June 29, 2002
By Bridget Gibson
It seems that every day the money situation gets a little
murkier. Money rolls in but pours out. At least that's the
way it feels for the average person. Actually, mine seems
to trickle in and pour out. In Washington, D.C., they
worry about leaks. If I were their weather forecaster, I believe
that I would tell them that there are some mighty big clouds
in the sky.
This week MCI WorldCom decided to come clean about their
dirty laundry. It was a whale of an "error," a $3.8 billion
error. Now how do you suppose they could have misplaced so
much money? I get excited when I find a dollar washing out
with my dirty laundry. Imagine if I found $3.8 billion!
In their disclosure, they said that this "mis-accounting"
occurred in the past five quarters. Well, quarters are something
that I understand, so I checked my calendar and came up with
a date for the beginning of their inability to keep track
of their dollars: Since the current quarter will end in five
days, the accounting for it has yet to be done - so we canšt
count "this" quarter. Checking the quarterly calendar for
the past five quarters takes us back to January 1, 2001.
Bad girl that I am, I have to start thinking about the changes
that occurred in January of 2001. I come up with a very big
change for that month. That was the month and the year that
George W. Bush took his oath of office. The oath that said
he would uphold the Constitution of the United States of America.
(Well, George has taken a few oaths in his life. He took
an oath when he was at Yale to the uber-secret fraternity
Skull and Bones. I wonder if that was a lifetime oath or only
a college thing? I have also wondered how seriously he took
the oath of the Presidency, but that is another question.)
Let's go back to MCI WorldCom and January of 2001. During
the election cycle of 2000, MCI WorldCom was a very active
contributor. It was so active that it made a list. No, not
a shopping list (although it may have had a wish list of regulations
that it wanted from its stable of politicians). The list that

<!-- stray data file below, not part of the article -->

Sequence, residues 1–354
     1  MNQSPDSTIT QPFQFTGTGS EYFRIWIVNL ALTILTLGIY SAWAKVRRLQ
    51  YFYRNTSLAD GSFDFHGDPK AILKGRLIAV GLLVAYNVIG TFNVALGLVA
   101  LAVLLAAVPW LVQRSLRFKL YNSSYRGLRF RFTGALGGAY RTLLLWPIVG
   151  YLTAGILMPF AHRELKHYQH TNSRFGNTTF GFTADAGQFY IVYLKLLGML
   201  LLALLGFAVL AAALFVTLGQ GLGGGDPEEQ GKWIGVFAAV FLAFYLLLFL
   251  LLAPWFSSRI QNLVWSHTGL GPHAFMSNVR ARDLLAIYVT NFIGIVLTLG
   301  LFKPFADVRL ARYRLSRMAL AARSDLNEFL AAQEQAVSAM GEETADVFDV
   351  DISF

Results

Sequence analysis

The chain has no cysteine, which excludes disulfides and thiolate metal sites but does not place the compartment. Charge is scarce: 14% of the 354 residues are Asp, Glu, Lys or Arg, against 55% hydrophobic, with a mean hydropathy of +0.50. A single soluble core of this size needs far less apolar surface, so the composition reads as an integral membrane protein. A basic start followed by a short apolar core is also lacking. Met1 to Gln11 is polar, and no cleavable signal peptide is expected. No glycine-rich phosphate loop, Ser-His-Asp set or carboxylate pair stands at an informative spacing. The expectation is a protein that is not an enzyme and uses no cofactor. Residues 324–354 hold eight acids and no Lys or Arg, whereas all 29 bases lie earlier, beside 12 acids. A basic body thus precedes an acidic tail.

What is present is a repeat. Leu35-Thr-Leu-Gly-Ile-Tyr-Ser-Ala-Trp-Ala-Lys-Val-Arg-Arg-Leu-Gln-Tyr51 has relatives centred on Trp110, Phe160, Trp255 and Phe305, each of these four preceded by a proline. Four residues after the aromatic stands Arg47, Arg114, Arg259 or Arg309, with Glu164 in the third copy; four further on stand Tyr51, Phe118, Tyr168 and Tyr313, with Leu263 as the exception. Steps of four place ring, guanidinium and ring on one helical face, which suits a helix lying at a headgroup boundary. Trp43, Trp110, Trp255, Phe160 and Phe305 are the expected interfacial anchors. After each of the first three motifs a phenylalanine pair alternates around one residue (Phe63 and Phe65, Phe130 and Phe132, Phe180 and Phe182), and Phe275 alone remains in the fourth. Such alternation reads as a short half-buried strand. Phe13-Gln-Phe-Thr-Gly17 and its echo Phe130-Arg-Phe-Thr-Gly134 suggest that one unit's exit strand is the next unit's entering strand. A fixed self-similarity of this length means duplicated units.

I refer to is available for the viewing at the CorpWatch Website
- a list of the top twenty corporations with consumer brands
that contributed to the Republican Party for the 2000 elections.
MCI WorldCom was number 7 on this list. On June 19, 2002,
when George Bush raised $30 million in soft money for the
GOP, MCI WorldCom gave $100,000 and was listed on the program
as a vice chairman of the event.
Something is inherently wrong with this scenario. Enron was
George Bush's number one contributor. It is now bankrupt.
Its top executives have lined their past and future nests
and face little scrutiny for their misdeeds. Arthur Andersen
was George Bush's number two contributor and is now defunct.
Only one corporate executive has been charged with criminal
proceedings and the rest will probably have few fears of a
changed future. Now we have MCI WorldCom, the number 7 contributor
following in their steps.
What about the real losers of all of this money? What about
the workers whose pensions and livelihoods were looted? What
about the stockholders whose portfolios now hold worthless
paper and those whose 401Ks and retirements are now in jeopardy?
You no longer hear the Republicans spouting off about "privatizing"
Social Security, do you? Well, it's still in their box of
What does this administration care about? Remember what Poppy
Bush said about the recession his administration (1991) caused:
"It won't affect my grandchildren." And when young George
was campaigning for President in 2000, remember that he said
"I'm gonna pick up where my daddy left off."
How can we have a government that seems unconcerned when
1,700,000 people have lost their jobs since January 2001?
This does not pass the smell test for me. It appears that
George brought a pile to put in the living room of the White
House, and it wasn't just money.